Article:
The investing world is awash in simple mechanical strategies that promise prosperity. But they all suffer from a fundamental problem: They're well suited to robots, but humans control the cash.
Finding a sound strategy is less than half the challenge for most people. If they can't stick with it, then it's not very useful.
Consider the behaviour of index investors who follow one of the simplest methods around. In its core form, passive investors buy a broadly diversified portfolio composed of low-fee index funds, or exchange-traded funds, and then sit tight for the long term.
Index fund pioneer John Bogle champions just such an approach. He brought low-fee index funds to a wide audience when he worked at Vanguard and, since retiring, he continues to inspire indexers worldwide.
Because Vanguard's clients are steeped in the buy-and-hold ethos of low-cost indexing, it makes them a good group to study. That's why I decided to examine the returns of the Vanguard family of index funds, offered to U.S. investors, over the past 15 calendar years.
I'm not interested in raw returns. Instead, I want to see how well investors timed their moves into, and out of, the funds. To do so, I compared each fund's return to that of its average investor.
You're probably already familiar with how fund returns are determined. They're calculated by assuming an initial investment and subsequent reinvestment of any distributions. They don't include any additional cash flows.
Investor return is a little more complicated. It accounts for any money that flows into, or out of, a fund while it's held.
As you might imagine, the two can be substantially different. For instance, Vanguard's 500 Index Fund (VFINX), which tracks the large cap S&P 500 index, gained an average of 4.58 per cent annually over the past 15 years, but its investors only gained 2.67 per cent a year. The difference of almost two percentage points per year indicates that the fund's investors tended to buy high and sell low.
The accompanying table shows the returns offered by Vanguard index funds with 15 year track records, based on data from Morningstar.com. (All of the funds were required to have both fund returns and investor returns.)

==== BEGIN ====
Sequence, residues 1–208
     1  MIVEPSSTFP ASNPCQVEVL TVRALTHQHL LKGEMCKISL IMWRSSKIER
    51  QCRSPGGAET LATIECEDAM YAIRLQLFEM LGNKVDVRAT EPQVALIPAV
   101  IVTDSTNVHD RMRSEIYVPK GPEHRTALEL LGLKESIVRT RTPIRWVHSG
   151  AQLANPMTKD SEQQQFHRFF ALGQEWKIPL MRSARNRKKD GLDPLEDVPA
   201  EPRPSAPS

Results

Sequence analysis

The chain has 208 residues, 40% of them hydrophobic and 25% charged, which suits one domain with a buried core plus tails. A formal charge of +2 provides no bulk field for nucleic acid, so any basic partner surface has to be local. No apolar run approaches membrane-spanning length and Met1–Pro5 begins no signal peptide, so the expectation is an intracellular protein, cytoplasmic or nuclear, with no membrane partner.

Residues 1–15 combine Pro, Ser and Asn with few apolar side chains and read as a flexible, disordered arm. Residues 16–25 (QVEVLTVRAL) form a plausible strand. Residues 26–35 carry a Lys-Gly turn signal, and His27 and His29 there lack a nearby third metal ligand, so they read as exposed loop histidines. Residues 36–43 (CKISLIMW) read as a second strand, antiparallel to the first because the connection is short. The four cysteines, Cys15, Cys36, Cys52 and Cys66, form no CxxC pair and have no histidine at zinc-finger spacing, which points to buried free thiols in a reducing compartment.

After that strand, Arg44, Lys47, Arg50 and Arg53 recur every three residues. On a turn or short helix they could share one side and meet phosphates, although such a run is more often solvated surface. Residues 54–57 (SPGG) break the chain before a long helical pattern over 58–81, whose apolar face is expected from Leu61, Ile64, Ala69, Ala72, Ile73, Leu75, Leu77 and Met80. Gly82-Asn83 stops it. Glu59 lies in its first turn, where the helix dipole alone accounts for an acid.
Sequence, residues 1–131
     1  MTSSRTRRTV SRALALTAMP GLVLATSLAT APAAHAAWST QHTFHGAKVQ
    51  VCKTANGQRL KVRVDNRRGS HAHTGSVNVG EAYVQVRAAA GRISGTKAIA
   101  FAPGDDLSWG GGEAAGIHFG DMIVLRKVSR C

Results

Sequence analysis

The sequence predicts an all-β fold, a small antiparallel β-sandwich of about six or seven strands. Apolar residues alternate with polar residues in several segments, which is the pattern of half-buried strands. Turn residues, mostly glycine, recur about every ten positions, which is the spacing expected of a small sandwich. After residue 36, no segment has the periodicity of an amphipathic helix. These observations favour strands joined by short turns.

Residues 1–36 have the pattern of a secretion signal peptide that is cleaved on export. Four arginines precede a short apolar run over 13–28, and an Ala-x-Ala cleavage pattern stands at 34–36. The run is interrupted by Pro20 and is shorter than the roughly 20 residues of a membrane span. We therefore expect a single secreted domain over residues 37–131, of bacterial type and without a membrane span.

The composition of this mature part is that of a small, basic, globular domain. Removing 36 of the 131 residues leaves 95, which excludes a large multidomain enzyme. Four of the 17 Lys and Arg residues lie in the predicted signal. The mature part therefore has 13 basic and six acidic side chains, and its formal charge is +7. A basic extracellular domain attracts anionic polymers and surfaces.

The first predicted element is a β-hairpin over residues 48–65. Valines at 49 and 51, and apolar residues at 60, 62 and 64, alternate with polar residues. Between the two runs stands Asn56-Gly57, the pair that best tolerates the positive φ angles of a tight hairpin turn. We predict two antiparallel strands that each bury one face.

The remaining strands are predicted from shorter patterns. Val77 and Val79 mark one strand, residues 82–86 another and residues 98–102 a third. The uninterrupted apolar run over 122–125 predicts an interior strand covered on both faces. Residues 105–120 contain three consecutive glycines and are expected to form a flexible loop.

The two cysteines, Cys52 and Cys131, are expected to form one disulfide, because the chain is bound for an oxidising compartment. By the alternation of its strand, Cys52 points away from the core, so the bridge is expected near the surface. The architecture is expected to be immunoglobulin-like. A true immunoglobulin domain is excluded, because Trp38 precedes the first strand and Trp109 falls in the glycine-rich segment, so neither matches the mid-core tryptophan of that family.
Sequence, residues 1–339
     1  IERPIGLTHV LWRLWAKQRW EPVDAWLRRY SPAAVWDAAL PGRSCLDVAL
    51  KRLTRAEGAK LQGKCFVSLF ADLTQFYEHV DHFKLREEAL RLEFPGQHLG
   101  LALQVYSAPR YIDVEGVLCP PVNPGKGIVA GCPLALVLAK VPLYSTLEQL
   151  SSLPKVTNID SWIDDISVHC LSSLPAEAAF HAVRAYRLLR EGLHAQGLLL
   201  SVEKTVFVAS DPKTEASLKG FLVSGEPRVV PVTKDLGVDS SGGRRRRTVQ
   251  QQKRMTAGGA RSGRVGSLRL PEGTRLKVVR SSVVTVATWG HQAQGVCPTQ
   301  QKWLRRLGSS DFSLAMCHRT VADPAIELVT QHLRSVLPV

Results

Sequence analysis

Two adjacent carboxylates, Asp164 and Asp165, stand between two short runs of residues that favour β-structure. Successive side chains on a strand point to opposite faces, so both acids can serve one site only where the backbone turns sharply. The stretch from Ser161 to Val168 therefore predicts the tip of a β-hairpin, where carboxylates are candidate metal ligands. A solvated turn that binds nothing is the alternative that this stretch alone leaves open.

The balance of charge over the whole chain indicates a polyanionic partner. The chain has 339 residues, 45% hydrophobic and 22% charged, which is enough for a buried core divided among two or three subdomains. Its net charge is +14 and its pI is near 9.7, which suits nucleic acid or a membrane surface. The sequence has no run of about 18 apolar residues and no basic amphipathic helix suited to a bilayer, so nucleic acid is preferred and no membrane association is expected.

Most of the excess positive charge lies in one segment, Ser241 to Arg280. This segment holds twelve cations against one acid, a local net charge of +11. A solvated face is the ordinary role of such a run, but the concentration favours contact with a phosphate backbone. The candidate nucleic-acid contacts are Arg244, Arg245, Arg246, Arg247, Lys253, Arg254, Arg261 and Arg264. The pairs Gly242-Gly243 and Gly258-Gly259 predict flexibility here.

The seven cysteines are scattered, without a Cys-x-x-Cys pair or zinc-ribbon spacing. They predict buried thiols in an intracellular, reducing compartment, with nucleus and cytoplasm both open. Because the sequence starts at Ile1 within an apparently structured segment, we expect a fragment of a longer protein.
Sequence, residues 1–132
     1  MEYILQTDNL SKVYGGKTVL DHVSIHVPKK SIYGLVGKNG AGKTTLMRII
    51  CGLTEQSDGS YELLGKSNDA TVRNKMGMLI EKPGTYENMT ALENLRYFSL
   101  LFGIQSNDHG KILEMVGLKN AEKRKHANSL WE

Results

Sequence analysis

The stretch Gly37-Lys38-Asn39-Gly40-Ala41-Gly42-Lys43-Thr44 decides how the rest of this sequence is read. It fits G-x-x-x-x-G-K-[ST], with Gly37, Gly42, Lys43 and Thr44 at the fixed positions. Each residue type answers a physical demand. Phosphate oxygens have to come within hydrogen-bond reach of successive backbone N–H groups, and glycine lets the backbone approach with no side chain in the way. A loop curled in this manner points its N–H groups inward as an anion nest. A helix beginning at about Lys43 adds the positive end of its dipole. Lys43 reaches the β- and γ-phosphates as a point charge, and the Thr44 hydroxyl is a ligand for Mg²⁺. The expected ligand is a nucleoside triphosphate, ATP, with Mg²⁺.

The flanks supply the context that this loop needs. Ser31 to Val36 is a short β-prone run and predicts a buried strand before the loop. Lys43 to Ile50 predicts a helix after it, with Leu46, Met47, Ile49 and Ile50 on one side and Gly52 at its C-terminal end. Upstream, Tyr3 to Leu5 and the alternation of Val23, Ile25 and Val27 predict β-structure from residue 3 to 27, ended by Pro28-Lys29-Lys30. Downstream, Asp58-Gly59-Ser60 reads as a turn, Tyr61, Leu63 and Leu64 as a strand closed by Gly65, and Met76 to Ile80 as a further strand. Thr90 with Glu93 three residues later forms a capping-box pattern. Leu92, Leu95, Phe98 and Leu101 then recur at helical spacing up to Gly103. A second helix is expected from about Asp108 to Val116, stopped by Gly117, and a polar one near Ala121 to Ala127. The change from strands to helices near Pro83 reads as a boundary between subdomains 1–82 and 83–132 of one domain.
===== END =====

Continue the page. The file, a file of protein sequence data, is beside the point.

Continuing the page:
Cast your eye to the last column which highlights the difference between investor and fund returns. Investors bested the funds in nine cases and trailed in 21. Overall, investors trailed their funds by an average of 59 basis points a year.
At first glance, many indexers don't seem to follow a strict buy-and-hold approach. Even worse, they tend to fail at market timing. On the other hand, such results are hardly out of line – and perhaps a bit better – than those seen from active investors in other studies.
You should also notice the most extreme results were generated by stock funds. Perhaps more surprisingly, bond fund investors didn't fare particularly well. Instead, the lowly balanced fund generally provided the best match between fund returns and investor returns. It's one reason why low-fee balanced funds are relatively well suited to new investors.
I hasten to add that you shouldn't focus too much on the particulars of the data in the table. Such findings tend to vary dramatically depending on the time period considered. In addition, factors beyond simple market timing enter into the picture. As a result, the timing evidence should be viewed as being suggestive rather than definitive.
But, based on similar work covering different periods, I think the general trend is reasonably clear. It's hard to stick with simple investment approaches and the urge to tinker with them can gum up the works.